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Neuro Surgery

Intervertebral Disc Disease

Intervertebral disc disease is a very common pathology in dogs. The intervertebral discs are fibre-cartilaginous structures with a ring-shaped interpose in every intervertebral space (between the vertebrae). The disc has a donut shape with the centre made by a lattice-like structure called the nucleus pulpous. The disc's function is to support the spine during movements and act as a shock absorber cushion.

Degeneration of the disc results in the loss of the normal disc function and may lead to the dislocation of part of the disc within the spinal canal, which may ultimately cause spinal cord compression. Based on the amount of compression, the clinical signs range from back pain to complete paralysis. Intervertebral disc disease is a very common pathology in dogs.


Intervertebral disc disease is often a hereditary condition (age-related). Chondrodystrophic breeds (dogs with a long body and short legs), such as Dachshunds, Shih Tzus, Pekingese, and Basset Hounds, suffer from early degenerative changes. However, any breed could be affected.

Clinical Signs

The symptoms may vary from mild to severe pain or from partial to complete paralysis depending on the degree of compression. Mild signs are lameness or drunken gait (ataxia), whereas severe signs are partial or complete paralysis (dragging one or more limbs), muscle wastage, and inability to urinate and defecate. Patients with chronic and severe clinical signs have fewer chances to recover even after surgery.


Typical clinical signs in predisposed breeds are very indicative of intervertebral disc disease; however, diagnostic imaging is required to confirm the diagnosis. Radiographs may be useful to diagnose herniation of a calcified disc within the vertebral canal, narrowing of the intervertebral disc space, or rule out other pathologies such as fractures or bone tumours. However, they rarely provide a final diagnosis.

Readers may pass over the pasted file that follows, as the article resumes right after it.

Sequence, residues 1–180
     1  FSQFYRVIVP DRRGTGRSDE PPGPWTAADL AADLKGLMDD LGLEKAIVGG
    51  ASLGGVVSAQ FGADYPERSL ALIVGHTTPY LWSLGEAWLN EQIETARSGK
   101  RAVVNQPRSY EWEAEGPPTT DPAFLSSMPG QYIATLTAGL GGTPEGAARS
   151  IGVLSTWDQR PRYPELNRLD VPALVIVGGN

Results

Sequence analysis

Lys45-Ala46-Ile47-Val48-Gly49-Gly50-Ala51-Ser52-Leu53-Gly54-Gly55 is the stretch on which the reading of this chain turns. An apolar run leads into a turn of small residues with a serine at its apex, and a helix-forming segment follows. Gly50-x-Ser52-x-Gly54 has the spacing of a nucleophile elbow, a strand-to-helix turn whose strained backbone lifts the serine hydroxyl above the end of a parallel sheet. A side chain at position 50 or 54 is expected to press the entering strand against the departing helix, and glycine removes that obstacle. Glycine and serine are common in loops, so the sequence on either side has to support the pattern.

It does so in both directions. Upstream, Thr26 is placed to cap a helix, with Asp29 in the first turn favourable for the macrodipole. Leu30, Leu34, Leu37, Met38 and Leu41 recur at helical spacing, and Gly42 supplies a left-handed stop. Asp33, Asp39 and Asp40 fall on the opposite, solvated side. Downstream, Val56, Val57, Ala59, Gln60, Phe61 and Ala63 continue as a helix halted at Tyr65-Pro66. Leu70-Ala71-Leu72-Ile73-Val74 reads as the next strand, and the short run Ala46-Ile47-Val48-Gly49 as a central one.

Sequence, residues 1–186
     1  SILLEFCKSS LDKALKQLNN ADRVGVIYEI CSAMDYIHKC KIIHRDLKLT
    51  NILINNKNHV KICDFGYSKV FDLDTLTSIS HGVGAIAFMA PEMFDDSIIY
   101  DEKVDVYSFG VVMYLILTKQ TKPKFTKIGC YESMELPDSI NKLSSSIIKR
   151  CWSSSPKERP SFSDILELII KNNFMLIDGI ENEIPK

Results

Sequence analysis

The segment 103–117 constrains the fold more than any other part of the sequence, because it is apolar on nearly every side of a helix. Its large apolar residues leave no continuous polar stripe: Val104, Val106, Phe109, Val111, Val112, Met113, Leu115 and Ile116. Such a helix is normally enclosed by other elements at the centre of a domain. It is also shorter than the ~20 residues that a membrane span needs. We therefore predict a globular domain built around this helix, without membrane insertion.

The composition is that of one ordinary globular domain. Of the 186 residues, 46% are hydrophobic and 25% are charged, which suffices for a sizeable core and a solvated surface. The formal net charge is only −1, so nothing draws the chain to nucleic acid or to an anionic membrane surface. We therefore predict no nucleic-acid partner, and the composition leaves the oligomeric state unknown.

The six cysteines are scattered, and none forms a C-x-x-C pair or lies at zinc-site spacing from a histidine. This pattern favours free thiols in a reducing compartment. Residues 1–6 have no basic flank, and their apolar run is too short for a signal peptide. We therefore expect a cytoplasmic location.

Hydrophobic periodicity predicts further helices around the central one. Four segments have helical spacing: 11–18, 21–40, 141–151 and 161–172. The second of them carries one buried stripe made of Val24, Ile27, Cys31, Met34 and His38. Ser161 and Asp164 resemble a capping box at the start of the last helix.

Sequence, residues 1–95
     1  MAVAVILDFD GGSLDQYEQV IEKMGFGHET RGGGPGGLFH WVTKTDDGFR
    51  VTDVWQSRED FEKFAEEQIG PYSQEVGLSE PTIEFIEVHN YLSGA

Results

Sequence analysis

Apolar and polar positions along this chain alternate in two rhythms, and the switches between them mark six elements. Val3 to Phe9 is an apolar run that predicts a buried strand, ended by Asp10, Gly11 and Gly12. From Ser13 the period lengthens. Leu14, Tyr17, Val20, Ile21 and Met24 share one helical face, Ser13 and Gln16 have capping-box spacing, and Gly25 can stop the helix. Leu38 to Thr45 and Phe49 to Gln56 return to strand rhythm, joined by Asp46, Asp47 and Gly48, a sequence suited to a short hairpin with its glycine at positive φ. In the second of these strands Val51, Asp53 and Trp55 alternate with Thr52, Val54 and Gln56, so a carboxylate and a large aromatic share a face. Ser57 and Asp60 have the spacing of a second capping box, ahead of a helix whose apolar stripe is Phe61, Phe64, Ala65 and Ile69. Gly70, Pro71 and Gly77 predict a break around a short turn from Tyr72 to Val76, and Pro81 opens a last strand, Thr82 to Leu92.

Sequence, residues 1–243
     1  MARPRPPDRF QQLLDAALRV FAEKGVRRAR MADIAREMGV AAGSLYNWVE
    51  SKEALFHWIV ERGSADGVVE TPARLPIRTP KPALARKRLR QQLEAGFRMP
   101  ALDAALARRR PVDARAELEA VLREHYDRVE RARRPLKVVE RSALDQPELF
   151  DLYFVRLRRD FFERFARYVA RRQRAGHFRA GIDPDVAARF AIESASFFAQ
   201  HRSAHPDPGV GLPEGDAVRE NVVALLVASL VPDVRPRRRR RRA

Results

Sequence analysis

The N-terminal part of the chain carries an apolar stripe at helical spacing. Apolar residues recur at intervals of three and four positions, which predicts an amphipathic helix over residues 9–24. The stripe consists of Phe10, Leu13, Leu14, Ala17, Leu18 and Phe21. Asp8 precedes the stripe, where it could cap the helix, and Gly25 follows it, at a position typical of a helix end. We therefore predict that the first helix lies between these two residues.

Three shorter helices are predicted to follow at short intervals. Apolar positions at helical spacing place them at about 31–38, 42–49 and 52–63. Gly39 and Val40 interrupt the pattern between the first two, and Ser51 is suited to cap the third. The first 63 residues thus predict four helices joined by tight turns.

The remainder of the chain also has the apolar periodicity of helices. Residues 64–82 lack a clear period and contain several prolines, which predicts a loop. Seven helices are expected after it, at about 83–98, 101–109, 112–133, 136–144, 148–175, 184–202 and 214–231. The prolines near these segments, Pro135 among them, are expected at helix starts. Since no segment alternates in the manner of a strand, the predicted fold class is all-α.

Advanced diagnostic imaging, such as MRI, CT scan, or Myelography, is essential for a definitive diagnosis.



Medical management with painkillers and rest is recommended for patients with mild clinical signs. Overall, ambulatory patients have a better outcome when compared to non-ambulatory patients. However, patients treated medically may have a recurrent flare-up of clinical signs.


Surgical treatment is performed on patients with moderate to severe clinical signs. Patients treated surgically have a faster recovery and a higher chance to return to normal limb function. However, dogs with no pain sensation may have a poor prognosis even after surgery.

Surgery (Hemilaminectomy)

The aim of the surgery (hemilaminectomy) is to reduce the compression on the spinal cord, removing the herniated disc material from the vertebral canal. An electric drill is used to drill the pedicles and lamina on one side of the vertebrae (roof of the vertebral canal) to have access to the vertebral canal directly above the discal space. Once the spinal cord is exposed, the extruded disc material is removed, achieving decompression of the exposed spinal cord.

Recovery Time

Ideally, the patients should stay in the hospital for pain management for a few days and until they are able to urinate independently.

Several weeks may be required to have normal leg function, with some patients recovering faster than others. Pets treated with physiotherapy and hydrotherapy post-surgery have a faster recovery time. Occasionally, some patients do not improve after the surgery. In these unlucky cases, mobility carts may be used to support their legs.

Patients affected by severe compressions may have no control of bladder function. These patients require a manual expression of the bladder. This procedure may be performed by the owners at home. We can offer some training at our practices.

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